Biden says U.S. does not recognize China’s air defense zone

U.S. Vice President Joe Biden said on Friday that Washington does not accept China’s new air defense zone over disputed islands in the East China Sea.

chinaairdefense_small2 Biden says U.S. does not recognize China's air defense zone

“I was absolutely clear on behalf of my president: We do not recognize the zone. It will have no effect on American operations. None. Zero,” Biden said in a speech in Seoul, referring to discussions he held in Beijing earlier in the week.



Biden, on an Asia trip that has also taken him to Tokyo, said North Korea would never achieve prosperity as long as it pursues nuclear arms.


US top nuke regulator urges back-end effort

The top U.S. nuclear regulator on Friday said nuclear energy users, including Japan, must figure out how to ultimately store radioactive waste.

Allison Macfarlane, head of the Nuclear Regulatory Commission, said in Tokyo that finding an underground repository remains a challenge despite a global consensus on the need for such a facility to deal with high level waste coming out of nuclear power plants.

Japan has no final waste repository, not even a potential site. The U.S. government’s plan for building a repository at Yucca Mountain in Nevada has been halted by strong local opposition due to safety concerns.

“In the nuclear community we of course have to face the reality of the end product, spent fuel,” Macfarlane told reporters.

She urged countries that are contemplating or embarking on a nuclear power program to have back-end plans at an early stage.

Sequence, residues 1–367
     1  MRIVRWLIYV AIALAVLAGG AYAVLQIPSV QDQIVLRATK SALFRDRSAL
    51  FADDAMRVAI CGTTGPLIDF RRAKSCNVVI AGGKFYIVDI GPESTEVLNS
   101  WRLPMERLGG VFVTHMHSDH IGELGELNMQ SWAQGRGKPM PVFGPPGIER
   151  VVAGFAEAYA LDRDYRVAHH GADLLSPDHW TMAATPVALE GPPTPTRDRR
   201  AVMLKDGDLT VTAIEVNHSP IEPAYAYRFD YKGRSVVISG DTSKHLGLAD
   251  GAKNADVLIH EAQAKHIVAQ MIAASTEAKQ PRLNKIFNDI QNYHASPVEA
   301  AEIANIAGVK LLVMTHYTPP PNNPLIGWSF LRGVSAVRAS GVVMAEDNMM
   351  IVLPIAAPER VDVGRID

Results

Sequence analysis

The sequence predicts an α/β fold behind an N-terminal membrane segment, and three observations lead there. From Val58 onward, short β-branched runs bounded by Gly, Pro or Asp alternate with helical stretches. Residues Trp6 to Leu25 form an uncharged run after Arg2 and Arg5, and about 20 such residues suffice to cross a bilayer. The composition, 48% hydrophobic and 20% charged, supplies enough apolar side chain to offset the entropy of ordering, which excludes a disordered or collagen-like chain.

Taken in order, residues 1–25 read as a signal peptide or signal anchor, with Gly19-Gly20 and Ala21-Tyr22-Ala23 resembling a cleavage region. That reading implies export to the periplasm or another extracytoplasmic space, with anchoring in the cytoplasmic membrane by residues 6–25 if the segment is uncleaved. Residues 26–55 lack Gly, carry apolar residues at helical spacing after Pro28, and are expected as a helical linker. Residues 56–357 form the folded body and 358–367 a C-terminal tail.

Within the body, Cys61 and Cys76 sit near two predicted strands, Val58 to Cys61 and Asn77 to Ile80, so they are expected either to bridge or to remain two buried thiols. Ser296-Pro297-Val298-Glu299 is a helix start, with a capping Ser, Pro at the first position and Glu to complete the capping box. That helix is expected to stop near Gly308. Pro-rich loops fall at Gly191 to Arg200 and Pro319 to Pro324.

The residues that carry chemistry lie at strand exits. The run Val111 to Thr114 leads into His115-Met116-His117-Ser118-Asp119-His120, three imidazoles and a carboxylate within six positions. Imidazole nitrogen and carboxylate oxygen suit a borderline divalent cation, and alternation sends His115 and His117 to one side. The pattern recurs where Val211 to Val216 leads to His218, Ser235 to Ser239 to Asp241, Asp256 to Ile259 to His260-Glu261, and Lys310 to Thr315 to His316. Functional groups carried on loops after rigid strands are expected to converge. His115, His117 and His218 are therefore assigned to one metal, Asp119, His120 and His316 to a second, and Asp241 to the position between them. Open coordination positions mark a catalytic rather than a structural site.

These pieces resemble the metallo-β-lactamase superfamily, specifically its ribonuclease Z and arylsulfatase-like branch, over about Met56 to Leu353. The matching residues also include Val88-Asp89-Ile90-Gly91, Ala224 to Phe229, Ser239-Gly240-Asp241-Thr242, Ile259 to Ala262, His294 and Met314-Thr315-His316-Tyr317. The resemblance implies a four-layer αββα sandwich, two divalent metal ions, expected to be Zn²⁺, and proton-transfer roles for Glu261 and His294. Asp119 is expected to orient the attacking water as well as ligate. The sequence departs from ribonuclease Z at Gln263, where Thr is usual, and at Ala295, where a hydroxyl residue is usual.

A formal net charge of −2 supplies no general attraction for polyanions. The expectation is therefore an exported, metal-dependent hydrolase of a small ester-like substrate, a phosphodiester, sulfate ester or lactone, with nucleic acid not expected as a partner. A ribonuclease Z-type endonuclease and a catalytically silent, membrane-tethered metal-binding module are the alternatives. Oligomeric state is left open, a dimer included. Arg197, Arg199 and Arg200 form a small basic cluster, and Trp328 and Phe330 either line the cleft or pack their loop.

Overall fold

Her comment came as Japan is finalizing its new energy policy that reverses a phase-out plan set by the previous government after the March 2011 Fukushima disaster.

The new policy under Prime Minister Shinzo Abe’s pro-nuclear government is pushing to restart as many reactors as possible if deemed safe under the new, stricter safety standards that took effect this summer. The new policy, whose draft was discussed Friday by a government panel, is also expected to stick to Japan’s shaky fuel cycle program despite international concerns about Japan’s massive plutonium stockpile.

Japan is stuck with nearly 45 tons of plutonium at home and overseas after unsuccessfully pushing to establish a fuel cycle, with its fast breeder reactor and a reprocessing plan never fully operated. Experts say Japan’s plutonium stockpile poses a nuclear security threat and raises questions whether Japan plans to develop a nuclear weapon, which Tokyo denies.